This cacophony helps induce a chaotic mental state, similar to what many dementia patients experience.
Once the participants are all geared up, the experiment begins. Test administrators read a set of instructions to the participants, giving them five simple tasks to complete -- set a table for four, brush your teeth, fold some laundry, etc.
Even this is not as straightforward as it sounds: Test administrators intentionally read the instructions at the same volume as the "confusion tape," so that it's hard for subjects to even decipher what they are supposed to be doing.
Cynthia McFadden of "Primetime" agreed to try out the Virtual Dementia Tour, and joining her was Blane Wilson, whose mother, Lawanda, is fighting an ongoing battle with Alzheimer's.
McFadden was given a seemingly simple task -- find a white sweater -- but she said she couldn't help being distracted by the incessant noises coming from her headphones. In order to stay focused, McFadden said, she had to start talking to herself.
"Honestly, the thing that shock[ed] me the most is that I couldn't remember five simple instructions," she said afterwards. "It changed my understanding of what people with dementia face every day.
"I mean, I'm the queen of multi-tasking. I can do anything, I can do 20 things at once, I'm a mom, I'm a, it's very humbling," she said.
Wilson, who was unable to clear a table of dishes or successfully find a tie, was similarly frustrated by the experience.
"It's a deep sense of confusion. It's unbearable. ... I couldn't imagine living like that," he told "Primetime."
Impeded by limited motor skills, blurred vision, and the incessant buzz of distracting noises, participants, like McFadden and Wilson, often exhibit behaviors that mirror those of Alzheimer's patients, Beville said. They become frustrated with their inability to perform what they know are simple tasks, and unless they get help or guidance, they often resign in anger and defeat.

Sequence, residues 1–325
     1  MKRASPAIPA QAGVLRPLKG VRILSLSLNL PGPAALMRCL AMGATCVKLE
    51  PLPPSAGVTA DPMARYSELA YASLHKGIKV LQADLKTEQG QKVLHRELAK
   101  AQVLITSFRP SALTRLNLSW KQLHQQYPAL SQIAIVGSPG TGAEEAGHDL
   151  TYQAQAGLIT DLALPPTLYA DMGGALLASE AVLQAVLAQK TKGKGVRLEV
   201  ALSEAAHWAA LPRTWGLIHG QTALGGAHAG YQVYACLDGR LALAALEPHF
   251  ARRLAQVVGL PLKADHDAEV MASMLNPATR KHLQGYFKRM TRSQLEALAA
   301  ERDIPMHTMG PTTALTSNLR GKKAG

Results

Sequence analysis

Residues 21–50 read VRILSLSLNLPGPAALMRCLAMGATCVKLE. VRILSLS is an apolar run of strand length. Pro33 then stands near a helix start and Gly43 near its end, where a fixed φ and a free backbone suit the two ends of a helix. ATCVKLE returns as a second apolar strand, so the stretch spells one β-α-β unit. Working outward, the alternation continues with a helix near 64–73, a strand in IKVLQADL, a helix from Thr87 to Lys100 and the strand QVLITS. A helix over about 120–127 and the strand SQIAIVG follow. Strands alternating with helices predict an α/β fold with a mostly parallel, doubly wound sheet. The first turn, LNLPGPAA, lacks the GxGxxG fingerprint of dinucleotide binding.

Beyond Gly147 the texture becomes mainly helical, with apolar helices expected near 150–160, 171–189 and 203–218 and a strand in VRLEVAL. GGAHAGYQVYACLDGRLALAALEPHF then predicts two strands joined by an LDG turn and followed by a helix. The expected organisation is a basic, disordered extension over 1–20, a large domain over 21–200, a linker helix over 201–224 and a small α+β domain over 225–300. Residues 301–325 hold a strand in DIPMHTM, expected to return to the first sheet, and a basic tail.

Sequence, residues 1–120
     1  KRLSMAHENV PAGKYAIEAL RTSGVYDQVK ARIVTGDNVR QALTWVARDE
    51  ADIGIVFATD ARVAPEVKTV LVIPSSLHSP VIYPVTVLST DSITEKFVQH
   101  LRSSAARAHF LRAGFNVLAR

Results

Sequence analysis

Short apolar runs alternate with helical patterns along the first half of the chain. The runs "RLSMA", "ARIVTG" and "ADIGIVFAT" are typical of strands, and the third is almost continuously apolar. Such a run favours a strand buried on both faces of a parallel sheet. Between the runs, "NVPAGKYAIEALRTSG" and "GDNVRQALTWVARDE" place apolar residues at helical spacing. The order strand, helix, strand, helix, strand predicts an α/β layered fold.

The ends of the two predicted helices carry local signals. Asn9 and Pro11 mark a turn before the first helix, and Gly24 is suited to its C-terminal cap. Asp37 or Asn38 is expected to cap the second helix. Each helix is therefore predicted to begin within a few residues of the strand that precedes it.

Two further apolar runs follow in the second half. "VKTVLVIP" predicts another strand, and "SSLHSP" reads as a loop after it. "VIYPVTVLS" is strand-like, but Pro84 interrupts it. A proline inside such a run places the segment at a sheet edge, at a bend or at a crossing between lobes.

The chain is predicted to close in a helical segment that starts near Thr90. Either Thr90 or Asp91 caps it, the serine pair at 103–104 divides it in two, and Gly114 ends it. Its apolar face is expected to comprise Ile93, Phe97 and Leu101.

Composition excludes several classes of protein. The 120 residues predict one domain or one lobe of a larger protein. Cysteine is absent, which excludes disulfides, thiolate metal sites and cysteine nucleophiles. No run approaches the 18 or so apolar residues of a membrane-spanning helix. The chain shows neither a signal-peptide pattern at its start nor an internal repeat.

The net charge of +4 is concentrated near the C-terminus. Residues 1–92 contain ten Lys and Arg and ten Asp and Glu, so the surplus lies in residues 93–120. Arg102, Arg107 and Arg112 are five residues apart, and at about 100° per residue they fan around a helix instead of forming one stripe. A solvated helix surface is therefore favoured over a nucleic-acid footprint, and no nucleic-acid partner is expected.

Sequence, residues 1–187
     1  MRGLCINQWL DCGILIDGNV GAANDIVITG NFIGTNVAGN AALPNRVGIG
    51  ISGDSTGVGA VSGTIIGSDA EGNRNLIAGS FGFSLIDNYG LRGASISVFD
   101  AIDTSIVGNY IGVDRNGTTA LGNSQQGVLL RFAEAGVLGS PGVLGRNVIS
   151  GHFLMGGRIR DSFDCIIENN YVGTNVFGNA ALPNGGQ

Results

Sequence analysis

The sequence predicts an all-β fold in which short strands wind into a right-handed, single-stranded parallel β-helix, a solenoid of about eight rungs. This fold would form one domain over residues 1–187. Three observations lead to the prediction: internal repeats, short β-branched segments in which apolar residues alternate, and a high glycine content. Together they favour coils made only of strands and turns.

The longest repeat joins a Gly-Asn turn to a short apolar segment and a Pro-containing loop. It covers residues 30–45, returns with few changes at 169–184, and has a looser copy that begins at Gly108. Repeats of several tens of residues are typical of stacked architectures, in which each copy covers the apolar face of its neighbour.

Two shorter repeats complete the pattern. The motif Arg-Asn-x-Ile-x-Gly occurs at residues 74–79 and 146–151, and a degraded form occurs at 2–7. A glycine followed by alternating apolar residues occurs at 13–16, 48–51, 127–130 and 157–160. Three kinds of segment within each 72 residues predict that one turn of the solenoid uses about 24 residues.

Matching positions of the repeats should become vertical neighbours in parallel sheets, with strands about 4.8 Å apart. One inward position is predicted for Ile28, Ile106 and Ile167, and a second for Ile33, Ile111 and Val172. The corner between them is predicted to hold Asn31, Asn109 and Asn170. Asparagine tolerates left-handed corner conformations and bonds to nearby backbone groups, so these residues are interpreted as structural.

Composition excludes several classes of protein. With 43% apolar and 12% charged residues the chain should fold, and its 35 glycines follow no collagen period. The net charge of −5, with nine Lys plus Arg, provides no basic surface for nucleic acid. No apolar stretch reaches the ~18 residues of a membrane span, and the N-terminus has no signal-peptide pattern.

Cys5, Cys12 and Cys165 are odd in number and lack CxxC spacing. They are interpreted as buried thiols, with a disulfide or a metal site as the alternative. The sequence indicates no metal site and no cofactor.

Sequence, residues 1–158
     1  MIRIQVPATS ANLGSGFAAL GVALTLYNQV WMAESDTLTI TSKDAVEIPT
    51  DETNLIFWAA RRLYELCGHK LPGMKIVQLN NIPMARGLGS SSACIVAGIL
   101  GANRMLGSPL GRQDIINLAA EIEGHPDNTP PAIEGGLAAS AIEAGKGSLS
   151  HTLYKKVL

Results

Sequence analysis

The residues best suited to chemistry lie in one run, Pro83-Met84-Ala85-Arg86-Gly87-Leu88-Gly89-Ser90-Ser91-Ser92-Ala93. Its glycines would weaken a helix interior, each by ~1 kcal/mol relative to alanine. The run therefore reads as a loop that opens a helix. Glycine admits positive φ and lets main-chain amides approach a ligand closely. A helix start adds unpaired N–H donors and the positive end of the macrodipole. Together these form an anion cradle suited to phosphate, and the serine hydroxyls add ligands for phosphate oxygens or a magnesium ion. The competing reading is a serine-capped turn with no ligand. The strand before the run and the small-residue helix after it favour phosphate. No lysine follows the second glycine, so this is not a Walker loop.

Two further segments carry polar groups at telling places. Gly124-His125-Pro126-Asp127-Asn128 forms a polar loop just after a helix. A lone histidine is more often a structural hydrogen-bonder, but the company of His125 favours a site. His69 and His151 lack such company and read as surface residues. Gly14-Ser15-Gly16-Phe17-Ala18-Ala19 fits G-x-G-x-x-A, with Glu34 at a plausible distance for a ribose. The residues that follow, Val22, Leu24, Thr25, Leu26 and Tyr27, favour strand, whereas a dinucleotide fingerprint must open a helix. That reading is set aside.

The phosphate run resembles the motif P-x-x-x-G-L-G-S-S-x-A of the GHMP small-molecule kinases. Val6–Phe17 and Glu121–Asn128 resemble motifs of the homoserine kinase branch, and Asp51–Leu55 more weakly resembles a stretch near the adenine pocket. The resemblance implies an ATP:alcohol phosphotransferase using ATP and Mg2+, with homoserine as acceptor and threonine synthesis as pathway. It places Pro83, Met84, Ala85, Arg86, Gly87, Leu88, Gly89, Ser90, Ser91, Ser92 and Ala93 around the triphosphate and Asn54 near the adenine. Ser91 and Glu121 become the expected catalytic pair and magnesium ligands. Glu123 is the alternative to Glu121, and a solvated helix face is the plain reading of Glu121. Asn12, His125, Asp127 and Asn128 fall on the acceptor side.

The experiment has helped caregivers better understand the plight of their loved ones, a crucial weapon in the fight against Alzheimer's.
Beville said she has administered the Virtual Dementia Tour to more than 10,000 professional caregivers, and has identified specific ways of improving care for a person with Alzheimer's.
She said that offering positive reinforcement and encouragement is essential for any caregiver.
In several of her experiments Beville provided guidance by offering a pat on the back and saying, "You're doing great." By repeating this every four minutes, she found that the person remained calmer and was able to accomplish all of the tasks that were assigned.
By learning how to better cope with the effects of Alzheimer's, caregivers and family members might feel more equipped to manage and treat a loved one who is diagnosed with the disease," Beville said.
"It is a way of giving people hope," she said.
And in the battle against Alzheimer's, a little bit of hope can go a long way.
Do you want to know more about Alzheimer's symptoms, risk factors, tests or treatment? Visit the ABCNews.com OnCall+ Alzheimer's Center to get all your questions answered.